So far, more than 60 countries—including all of the European Union, Russia and Brazil—have restricted or labeled these foods. In the U.S., “GMO free” has become a kind of clean-branding mechanism; more than 27,000 products have been certified by an independent group called the Non-GMO Project; even mainstream brands like Chipotle are swapping out GMO ingredients. But, so far, food-makers have managed to keep the government out.
Enter Vermont. The state is particularly proud of its local food movement, boasting more farmers' markets and certified organic farms per capita than any other, and it already has a long history of tackling GMOs. In 1994, Vermont passed a law requiring the labeling of a genetically engineered protein, known as rBST, that was aimed at boosting milk production in cows. But the law didn’t last: A federal court two years later found that the labeling law violated the dairy industry’s First Amendment rights. Legislation on labeling and seed purity continued to come up in Montpelier over the following years, though with few successes.
Then other states began to test the same waters. In 2012, a GMO labeling law was put in front of voters in California in a ballot initiative. Large food and agriculture companies, including Coca-Cola, PepsiCo and Monsanto, spent more than $45 million to defeat it. The measure failed by less than 3 percent, and the effort encouraged other states to do the same. The following year, legislatures in Connecticut and Maine passed GMO labeling laws, though both contain trigger provisions preventing them from them taking effect until a number of other states put in place similar measures.
Vermont’s law was next—but it didn’t contain any triggers. It was very clear: On July 1, 2016, all products on grocery store shelves containing GMOs must be labeled, or food companies will be subject to fines. The law includes exemptions for dairy, meat and certain other products.
A month after the law was signed, the state was sued by the Grocery Manufacturers Association, the food-industry trade group that had been leading the charge against state labeling efforts. The suit argued that the law violates its First Amendment rights and interferes with interstate commerce, and pushed the court to stop the measure from taking effect. A federal district court rejected the industry’s request for an injunction, and a ruling on an appeal is still pending.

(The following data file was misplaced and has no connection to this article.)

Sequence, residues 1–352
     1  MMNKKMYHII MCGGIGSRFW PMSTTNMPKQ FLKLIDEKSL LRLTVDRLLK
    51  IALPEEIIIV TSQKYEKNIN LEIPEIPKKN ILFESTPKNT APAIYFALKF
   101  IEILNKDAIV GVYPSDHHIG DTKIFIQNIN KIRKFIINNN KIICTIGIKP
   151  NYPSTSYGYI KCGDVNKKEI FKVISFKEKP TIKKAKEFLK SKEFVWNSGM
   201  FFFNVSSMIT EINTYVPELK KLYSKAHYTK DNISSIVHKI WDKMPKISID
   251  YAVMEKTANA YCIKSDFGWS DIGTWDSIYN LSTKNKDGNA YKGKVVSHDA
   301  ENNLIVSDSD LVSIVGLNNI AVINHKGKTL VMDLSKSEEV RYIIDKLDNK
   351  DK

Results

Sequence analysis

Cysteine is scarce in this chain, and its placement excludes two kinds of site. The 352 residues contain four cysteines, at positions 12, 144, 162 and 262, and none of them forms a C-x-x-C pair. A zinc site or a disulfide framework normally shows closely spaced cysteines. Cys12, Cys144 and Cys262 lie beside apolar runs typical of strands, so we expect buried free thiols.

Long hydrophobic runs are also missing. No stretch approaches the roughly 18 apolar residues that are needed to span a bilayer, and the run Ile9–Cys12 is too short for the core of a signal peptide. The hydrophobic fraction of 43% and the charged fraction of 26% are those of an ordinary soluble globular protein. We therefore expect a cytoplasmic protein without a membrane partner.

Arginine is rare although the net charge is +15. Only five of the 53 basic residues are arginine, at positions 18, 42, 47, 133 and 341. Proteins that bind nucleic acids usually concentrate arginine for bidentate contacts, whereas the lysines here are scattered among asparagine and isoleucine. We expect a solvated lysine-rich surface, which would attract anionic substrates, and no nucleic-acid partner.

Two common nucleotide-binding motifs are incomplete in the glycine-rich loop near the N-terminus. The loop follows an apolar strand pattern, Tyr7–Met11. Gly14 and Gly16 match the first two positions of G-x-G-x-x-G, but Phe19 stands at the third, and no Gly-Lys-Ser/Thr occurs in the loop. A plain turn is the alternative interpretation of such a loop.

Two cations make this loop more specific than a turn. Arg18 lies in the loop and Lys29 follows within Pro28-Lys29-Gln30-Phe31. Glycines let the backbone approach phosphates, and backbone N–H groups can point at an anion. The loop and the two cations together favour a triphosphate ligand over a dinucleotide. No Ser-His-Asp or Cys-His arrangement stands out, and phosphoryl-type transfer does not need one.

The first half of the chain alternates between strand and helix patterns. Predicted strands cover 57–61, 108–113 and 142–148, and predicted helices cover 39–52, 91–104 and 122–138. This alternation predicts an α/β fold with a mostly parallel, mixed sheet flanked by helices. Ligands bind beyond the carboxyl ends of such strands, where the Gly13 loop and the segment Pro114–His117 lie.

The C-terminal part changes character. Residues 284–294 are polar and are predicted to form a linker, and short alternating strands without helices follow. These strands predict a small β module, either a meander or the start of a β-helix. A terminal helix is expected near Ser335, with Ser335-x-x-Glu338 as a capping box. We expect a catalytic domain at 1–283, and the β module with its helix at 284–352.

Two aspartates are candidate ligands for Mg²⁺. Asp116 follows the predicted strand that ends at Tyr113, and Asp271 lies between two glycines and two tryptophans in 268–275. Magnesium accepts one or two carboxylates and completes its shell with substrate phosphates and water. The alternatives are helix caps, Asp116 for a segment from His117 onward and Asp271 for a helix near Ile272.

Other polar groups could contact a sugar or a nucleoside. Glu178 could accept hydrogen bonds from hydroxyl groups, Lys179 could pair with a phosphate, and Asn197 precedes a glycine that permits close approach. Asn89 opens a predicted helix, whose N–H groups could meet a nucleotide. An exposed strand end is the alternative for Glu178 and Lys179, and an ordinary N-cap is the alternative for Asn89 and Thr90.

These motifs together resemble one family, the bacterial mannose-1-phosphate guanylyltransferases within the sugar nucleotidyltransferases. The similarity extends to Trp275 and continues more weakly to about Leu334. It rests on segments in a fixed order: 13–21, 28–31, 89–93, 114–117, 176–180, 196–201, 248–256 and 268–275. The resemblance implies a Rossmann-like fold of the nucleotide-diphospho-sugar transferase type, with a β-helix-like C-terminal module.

Meanwhile, companies and farm groups took their concerns to Capitol Hill and were successful, in July 2015, in getting a bill passed in the House. The bill reads like an industry wish list: In addition to pre-empting states, it required the Agriculture Department to set up a voluntary GMO-free certification and defines the word “natural,” when used on food labels, to include GMOs. It was never taken up by the Senate.
WHY SO MUCH attention to Vermont? The problem with Vermont’s law, the food industry argues, is that it’s not really just a Vermont law. The American food distribution system isn’t designed to accommodate different labels for different states, instead relying on the U.S. Food and Drug Administration to give companies clear guidance on what they do and don’t need to tell consumers. America’s national food producers, like drug companies and other closely regulated consumer industries, expect to deal with one major regulator—the federal government—and only worry about one set of standards. Even if they were open to marketing its food under multiple labels, officials from Coca-Cola, General Mills, PepsiCo and others argued in legal briefs, the complicated regional supply chain—from factory, to distribution centers, to supermarket shelves—makes it nearly impossible to craft a new label for a single state. The Vermont label would end up elsewhere; mislabeled foods could easily end up in Vermont, accidentally violating the law. So food companies are left with the choice of a costly overhaul of their supply networks, or of applying the new label to all of their products—effectively meaning that Vermont’s law would become the national standard.